Like many African-Americans I was literally crying tears of joy last night as I saw a major political party nominate someone of my ethnic heritage for the highest office in the land. The fact that it was my party, one that I have supported since my late teens and it occurred on the 45th anniversary of Dr. King's 1963 March on Washington "I have a Dream" speech made the moment even more special.
But what triggered my tears was thinking about my late Grandmother Tama at that moment Sen. Obama recited the magic words accepting the Democratic party nomination. My grandmother was a poll worker in her precinct for several years.
As y'all probably noted, I'm a serious political junkie. I love politics along with "errbody" else in my family. My grandmother and I talked about local, state and national politics regularly when I'd spend my off days hanging out with her in her Sunnyside area home. I'd get us a couple of fish baskets from a fish market around the corner from her house and listen to her expound on all the history she'd witnessed over her 82 years and talk about the issues of the day.
I remember how happy and proud she was along with many African-American Houstonians when we finally got Lee P. Brown elected as our mayor in 1997. He also made Houston history as our first African-American police chief and his picture went up on her wall next to the ones she had of Dr. Martin Luther King and John F. Kennedy.
Unfortunately my grandmother passed away in February 2002 before she had a chance to witness former Dallas mayor Ron Kirk unsuccessfully make a historic run for the US Senate seat John Cornyn narrowly won in the Lone Star State.
Hopefully Rick Noriega can take back the Texas senate seat this fall that Lyndon B. Johnson once occupied.
The conservatives were not only drinking Republican red Hateraid from 55 gallon drums on Faux News last night and all week, their prayers to Conservagod for rain weren't heard since the weather was clear and cool last night. In fact the weather in Denver all week was nearly perfect save for the tornado that dropped in the 'burbs on Sunday.
The one thing that I've noted is that the echoes of history and its imprint were all over this particular DNC convention. I wrote about the efforts of Denver area African-Americans a century ago who jump started the debate about whether to pursue our people's interests in a Democratic Party that was then hostile to us or stay in a Republican one that was increasingly ignoring us.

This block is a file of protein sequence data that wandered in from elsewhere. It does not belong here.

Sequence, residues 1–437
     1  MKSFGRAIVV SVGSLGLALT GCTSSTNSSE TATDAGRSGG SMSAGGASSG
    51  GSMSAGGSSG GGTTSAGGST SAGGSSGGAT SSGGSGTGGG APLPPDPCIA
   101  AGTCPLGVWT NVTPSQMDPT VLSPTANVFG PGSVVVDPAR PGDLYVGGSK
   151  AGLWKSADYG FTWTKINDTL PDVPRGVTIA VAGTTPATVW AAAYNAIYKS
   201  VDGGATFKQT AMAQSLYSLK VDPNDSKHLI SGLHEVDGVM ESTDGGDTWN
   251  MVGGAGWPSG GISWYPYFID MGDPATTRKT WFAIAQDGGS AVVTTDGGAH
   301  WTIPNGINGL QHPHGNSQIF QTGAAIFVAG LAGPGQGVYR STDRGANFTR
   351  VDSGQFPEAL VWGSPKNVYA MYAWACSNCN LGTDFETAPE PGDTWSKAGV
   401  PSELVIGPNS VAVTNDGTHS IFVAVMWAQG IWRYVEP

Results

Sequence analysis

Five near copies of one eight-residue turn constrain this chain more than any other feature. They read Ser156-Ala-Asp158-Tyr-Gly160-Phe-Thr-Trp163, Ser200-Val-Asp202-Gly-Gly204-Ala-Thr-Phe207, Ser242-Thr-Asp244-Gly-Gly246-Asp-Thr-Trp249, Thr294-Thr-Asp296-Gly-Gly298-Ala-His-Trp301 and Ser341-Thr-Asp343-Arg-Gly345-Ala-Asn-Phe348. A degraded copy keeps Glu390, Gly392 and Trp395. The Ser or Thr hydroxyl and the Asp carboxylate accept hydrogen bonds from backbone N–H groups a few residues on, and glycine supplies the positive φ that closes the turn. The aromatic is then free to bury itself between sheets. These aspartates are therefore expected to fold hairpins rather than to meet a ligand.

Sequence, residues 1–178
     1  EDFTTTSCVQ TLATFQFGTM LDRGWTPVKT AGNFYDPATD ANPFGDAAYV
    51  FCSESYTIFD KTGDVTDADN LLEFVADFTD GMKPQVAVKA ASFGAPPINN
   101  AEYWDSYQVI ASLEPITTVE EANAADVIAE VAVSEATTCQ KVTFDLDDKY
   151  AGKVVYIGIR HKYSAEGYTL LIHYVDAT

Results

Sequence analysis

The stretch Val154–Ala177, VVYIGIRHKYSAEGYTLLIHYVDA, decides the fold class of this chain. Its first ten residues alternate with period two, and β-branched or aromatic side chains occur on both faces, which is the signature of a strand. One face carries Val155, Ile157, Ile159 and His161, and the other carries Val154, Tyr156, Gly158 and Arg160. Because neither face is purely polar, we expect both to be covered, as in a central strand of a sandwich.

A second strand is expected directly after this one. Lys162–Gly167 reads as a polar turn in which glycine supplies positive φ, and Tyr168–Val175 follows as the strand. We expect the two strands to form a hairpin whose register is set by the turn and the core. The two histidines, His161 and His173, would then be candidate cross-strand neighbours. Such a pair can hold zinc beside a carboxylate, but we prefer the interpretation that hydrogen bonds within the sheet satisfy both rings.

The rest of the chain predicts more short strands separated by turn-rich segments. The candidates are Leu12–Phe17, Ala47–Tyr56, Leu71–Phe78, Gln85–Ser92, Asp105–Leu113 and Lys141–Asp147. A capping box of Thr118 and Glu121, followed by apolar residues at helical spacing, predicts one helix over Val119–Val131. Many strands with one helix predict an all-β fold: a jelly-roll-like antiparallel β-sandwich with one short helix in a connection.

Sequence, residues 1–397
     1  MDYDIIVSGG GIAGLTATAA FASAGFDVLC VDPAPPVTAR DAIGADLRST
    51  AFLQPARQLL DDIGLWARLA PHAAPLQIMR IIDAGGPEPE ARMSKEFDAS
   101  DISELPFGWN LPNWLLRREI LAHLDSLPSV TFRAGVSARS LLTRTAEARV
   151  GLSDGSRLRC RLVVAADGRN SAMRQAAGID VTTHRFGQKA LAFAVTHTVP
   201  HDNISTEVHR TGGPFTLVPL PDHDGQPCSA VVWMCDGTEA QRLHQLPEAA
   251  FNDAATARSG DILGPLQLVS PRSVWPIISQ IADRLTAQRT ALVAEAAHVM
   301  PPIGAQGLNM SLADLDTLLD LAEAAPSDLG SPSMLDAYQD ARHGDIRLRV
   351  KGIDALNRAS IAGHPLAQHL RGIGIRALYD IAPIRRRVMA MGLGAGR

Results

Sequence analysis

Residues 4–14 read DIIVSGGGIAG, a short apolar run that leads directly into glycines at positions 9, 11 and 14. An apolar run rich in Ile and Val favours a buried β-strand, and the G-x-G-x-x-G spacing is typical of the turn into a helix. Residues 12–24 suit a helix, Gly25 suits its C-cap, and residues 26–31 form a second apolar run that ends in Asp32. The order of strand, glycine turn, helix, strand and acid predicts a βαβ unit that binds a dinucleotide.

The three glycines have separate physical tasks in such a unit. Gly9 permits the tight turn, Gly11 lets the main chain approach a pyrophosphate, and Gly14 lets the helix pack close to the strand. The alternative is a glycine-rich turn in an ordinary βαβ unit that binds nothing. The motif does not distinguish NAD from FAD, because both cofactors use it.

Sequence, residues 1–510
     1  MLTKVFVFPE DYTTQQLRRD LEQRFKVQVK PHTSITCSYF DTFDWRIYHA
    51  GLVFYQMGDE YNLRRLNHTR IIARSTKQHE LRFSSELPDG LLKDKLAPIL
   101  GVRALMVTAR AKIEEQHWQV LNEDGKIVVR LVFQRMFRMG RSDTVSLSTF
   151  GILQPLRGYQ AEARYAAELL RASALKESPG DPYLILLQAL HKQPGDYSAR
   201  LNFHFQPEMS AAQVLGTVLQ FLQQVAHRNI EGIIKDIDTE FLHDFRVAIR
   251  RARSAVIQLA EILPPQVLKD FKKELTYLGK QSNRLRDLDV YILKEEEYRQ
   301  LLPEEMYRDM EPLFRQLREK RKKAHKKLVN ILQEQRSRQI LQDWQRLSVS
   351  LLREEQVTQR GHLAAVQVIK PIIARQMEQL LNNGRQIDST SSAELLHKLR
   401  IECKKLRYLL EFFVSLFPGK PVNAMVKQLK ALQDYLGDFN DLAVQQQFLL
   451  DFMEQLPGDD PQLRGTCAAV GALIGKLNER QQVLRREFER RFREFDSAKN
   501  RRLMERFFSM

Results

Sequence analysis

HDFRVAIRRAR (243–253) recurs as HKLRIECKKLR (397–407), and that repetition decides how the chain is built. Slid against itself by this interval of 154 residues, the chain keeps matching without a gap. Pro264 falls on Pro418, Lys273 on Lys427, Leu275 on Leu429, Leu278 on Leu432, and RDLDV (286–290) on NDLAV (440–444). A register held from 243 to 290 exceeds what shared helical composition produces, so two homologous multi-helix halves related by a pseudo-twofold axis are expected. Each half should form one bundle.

Our African-American ancestors who conducted that spirited debate 100 years ago in Denver and elsewhere in the country would have been pleased and proud to witness last night's events. They would have been amazed to see the television camera pan the stadium and see the rainbow of humanity that is the Democratic Party. I can guarantee that what you'll see in the Twin Cities won't even approach that and will be overwhelmingly monoracial and predominately male.
24% of the delegates at this just concluded Democratic National Convention were African-American, the highest percentage ever. One of those delegates was a transwoman who shares my heritage. There were 44 congressmembers of African-American descent who are also wielding historic levels of power as well as being members of the Congressional Black Caucus.
Oh yeah, there was a CBC member US senator who just got nominated for president.
I thought about how pleased and proud my grandmother would have been to witness not only last night's slammin' acceptance speech, but the campaign he ran just to get to this historic point
But to paraphrase Dr. King, we have some difficult days ahead of us in order to make this particular dream of a President Obama become a reality. The Republican Attack Machine and their status quo donors will throw everything but the kitchen sink at him. The nut jobs like the ones caught during the convention will redouble their effort to gain with the bullet what they've failed to accomplish so far at the ballot box.
We have recalcitrant people in our own party still miffed that their candidate who was also on a historic quest on behalf of women lost. All I have to say to you right now is that if Cindy McCain's own half-sister isn't voting for McCain, why should you?
The next sixty days are going to be a historic date with destiny. While I'm exceedingly proud that for the first time in my life, we'll have a Democratic candidate that not only reflects my values and my ancestry as well, I'm still anxious about the outcome on November 4.
I'm damned sure going to do my part to help give my niece a wonderful birthday present on January 20. I want my niece to wake up on her ninth birthday to the historic sight of an African-American being inaugurated for president.